By Eugena Brooks Brain Awareness Week is March 16-20 this year. The American Sleep Apnea Association (ASAA) is doing its part to get the word out that brain health. It is just as important as any other part of physical health, and we should all be aware of what we need to do to maintain…
Does music keep you going during the day and help you slide into sleep at night? With our user-friendly Spotify music series, you can now share your favorite music to wake up to, music to recharge during the day, and music to fall asleep by.
By Eugena Brooks I live in one of the five boroughs of New York City. Here we wait all winter long for the breaking of spring leading to the dog days of summer. It gives us the opportunity to break out shorts and sandals to head for the beaches and parks to enjoy the nice…
As we applaud the end of winter, we are reminded of some traditional lore, “March comes in like a lion and goes out like a lamb.” One more thing you can also “set your watch by” this month — you lose an hour of sleep for Daylight Savings Time (DST).
Anyone at any age can experience chronic sleep loss, for any number of reasons. The challenge for better sleep doesn’t necessarily wait to emerge in adulthood. Our children are suffering from just as much poor sleep as we are. It’s during youth that many have an opportunity to correct or reverse a sleep problem.
Would you prefer to wake up with Flawless hair? That may mean making a better effort to achieve Flawless sleep. Here are 5 tips for making that happen. And while you’re there, take our poll! After the poll, share your morning bedhead selfie (tag it with #ASAABedhead) at our Facebook page; your selfie could win you four day passes to Disneyworld! And don’t forget to pledge to get a little extra sleep in September!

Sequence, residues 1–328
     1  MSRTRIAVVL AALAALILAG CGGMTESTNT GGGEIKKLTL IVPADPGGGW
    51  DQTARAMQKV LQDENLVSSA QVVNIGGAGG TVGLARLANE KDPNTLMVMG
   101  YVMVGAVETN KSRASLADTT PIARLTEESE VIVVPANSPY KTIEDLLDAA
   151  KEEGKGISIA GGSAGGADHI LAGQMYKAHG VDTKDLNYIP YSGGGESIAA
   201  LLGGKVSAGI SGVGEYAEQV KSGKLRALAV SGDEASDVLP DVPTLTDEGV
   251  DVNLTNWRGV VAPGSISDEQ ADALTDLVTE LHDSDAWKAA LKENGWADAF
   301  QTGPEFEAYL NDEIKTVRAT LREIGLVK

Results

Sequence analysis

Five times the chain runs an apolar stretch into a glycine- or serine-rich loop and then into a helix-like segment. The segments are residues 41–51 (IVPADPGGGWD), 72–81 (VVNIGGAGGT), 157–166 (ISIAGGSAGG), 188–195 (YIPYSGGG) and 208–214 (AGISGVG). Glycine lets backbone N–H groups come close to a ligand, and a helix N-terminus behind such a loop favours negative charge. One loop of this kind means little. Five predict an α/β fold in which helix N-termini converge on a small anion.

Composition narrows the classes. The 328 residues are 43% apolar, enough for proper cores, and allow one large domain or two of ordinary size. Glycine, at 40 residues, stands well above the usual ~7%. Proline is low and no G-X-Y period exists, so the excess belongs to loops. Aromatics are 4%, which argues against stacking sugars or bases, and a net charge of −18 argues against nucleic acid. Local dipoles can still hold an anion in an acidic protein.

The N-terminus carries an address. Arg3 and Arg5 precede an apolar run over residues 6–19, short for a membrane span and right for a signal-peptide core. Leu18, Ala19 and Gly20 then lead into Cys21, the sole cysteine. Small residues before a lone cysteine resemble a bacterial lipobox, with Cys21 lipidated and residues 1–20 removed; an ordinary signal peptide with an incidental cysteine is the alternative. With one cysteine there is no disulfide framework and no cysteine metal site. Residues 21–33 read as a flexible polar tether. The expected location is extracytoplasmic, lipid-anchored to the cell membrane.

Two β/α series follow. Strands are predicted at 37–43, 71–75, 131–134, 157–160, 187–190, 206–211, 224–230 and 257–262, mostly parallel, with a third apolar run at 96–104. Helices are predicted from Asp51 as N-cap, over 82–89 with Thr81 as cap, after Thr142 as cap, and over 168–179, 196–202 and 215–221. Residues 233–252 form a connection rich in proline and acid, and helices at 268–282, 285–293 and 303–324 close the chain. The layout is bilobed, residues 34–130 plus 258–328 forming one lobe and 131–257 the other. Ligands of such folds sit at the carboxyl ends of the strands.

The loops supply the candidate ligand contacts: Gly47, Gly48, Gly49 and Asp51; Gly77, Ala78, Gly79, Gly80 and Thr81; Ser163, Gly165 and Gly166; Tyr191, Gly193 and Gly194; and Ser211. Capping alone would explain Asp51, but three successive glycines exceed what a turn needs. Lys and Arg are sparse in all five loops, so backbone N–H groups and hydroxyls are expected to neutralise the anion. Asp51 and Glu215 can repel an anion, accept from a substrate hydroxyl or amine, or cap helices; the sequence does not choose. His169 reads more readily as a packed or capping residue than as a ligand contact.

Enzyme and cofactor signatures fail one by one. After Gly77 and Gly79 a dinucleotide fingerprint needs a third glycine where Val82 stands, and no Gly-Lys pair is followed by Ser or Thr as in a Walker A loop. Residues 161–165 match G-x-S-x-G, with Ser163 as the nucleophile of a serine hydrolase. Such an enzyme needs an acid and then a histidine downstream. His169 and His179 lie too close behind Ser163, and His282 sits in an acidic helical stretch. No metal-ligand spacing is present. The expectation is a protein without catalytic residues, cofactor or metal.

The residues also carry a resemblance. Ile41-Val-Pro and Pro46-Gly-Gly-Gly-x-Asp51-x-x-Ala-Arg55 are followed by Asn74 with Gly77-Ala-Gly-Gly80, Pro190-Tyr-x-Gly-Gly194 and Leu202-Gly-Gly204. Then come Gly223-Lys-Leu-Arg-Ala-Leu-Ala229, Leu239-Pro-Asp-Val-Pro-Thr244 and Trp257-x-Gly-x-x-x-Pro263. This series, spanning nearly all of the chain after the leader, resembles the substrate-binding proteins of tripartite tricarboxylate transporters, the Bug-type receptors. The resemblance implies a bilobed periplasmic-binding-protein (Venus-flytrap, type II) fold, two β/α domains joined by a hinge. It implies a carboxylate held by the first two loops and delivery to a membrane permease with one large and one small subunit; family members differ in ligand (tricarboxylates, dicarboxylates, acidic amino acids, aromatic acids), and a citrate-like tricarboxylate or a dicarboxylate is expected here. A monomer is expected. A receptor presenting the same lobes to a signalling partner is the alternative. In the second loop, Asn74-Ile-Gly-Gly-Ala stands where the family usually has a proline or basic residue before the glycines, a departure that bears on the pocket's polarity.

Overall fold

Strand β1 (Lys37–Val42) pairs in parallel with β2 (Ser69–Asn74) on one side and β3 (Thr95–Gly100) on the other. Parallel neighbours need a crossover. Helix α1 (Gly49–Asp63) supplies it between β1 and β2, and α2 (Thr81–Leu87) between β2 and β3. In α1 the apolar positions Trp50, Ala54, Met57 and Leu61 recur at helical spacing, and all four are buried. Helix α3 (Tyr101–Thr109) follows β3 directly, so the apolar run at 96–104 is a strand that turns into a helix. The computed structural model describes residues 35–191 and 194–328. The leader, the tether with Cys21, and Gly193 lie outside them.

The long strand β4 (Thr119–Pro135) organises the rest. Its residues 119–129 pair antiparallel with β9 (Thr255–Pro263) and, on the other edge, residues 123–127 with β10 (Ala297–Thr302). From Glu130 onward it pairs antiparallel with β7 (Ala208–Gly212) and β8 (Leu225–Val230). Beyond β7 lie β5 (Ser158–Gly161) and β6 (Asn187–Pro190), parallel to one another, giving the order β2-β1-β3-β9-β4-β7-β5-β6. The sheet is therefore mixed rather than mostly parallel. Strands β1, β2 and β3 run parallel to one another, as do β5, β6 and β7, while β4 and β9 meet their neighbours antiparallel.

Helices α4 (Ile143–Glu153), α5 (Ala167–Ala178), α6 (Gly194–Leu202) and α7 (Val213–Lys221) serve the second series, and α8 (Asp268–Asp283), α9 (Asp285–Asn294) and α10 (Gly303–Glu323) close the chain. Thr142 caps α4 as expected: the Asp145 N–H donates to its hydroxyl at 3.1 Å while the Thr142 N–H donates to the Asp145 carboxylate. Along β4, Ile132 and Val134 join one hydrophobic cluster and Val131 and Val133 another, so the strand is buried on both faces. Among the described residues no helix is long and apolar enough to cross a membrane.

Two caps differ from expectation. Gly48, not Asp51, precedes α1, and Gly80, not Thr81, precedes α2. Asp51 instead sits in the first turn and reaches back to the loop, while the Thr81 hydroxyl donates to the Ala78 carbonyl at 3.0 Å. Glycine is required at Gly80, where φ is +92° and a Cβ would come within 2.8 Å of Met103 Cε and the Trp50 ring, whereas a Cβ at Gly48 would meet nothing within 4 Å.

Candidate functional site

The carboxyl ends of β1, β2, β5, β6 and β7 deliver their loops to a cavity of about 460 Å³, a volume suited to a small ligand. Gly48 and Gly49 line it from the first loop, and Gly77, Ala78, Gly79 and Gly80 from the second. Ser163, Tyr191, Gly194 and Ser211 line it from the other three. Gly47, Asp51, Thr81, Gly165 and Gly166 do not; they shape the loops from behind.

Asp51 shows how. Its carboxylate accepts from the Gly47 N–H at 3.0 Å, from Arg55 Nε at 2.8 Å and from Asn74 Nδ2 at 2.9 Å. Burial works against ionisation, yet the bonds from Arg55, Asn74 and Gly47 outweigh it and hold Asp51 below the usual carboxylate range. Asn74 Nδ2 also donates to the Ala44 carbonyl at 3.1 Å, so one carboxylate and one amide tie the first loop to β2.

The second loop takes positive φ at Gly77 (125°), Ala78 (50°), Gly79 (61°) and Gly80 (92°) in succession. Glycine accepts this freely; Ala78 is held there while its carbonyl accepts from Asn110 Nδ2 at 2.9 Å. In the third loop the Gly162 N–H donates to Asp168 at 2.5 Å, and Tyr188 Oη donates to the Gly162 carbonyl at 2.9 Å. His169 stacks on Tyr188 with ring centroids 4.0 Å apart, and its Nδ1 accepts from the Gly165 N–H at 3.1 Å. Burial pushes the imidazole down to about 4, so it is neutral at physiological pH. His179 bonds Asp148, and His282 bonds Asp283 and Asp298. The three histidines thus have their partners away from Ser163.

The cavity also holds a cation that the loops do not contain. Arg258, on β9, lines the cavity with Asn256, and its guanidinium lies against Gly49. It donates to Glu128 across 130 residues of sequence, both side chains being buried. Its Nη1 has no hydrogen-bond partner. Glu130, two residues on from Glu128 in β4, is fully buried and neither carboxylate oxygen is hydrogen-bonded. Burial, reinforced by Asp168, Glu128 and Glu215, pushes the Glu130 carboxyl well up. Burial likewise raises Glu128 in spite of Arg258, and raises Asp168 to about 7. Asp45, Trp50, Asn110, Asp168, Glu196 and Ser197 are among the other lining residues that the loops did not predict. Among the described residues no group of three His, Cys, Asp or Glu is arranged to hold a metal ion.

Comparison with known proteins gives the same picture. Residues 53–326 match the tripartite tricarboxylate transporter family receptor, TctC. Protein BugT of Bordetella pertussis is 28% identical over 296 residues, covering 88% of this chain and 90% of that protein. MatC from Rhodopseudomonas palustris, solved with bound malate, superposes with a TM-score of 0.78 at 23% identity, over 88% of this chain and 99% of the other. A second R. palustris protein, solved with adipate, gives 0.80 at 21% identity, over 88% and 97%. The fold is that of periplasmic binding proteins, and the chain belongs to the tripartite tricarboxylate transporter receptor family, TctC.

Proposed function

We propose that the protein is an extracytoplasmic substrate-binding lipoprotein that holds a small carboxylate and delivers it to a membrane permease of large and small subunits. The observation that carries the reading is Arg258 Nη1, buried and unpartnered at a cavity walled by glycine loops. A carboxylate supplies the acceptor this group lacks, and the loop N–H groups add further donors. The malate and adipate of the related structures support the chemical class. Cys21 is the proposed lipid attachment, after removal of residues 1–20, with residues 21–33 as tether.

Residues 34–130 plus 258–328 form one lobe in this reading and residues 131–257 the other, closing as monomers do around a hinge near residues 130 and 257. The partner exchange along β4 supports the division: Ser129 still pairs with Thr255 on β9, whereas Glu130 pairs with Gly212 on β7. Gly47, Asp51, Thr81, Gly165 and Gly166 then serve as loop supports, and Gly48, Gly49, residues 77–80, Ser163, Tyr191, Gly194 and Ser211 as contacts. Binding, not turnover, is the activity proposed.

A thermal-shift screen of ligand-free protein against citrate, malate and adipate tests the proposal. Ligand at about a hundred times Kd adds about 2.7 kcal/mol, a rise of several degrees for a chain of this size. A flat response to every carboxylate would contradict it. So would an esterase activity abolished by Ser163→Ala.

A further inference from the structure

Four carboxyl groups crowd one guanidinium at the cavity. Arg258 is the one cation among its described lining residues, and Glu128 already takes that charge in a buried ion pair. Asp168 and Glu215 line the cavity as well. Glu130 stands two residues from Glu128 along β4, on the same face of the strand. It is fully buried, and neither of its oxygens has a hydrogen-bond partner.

So you might know what bedhead style you have… but do you know what it says about your sleep health? Learn more about why you might have your particular bedhead style, and take our poll! After the poll, share your morning bedhead selfie (tag it with #ASAABedhead) at our Facebook page; your selfie could win you four day passes to Disneyworld! And don’t forget to pledge to get a little extra sleep in September!
Sleep changes among teens are related to shifts in their circadian rhythms at the onset of puberty. Most tweens and teens experience what is considered a delayed sleep phase as the result of swift and complex changes to the adolescent brain which are associated with its final development. They are often described, in fact, as “night owls.” This means their rhythms undergo a slight biological reset that makes it more natural for them to abide a later schedule.While most younger children and adults may more naturally feel sleepy between 9 and 10pm, teens are far less likely to feel sleepy until at least 11pm. For some, the rhythms shift as late as 1am. These changes are hormonally related and have little to do with poor self management.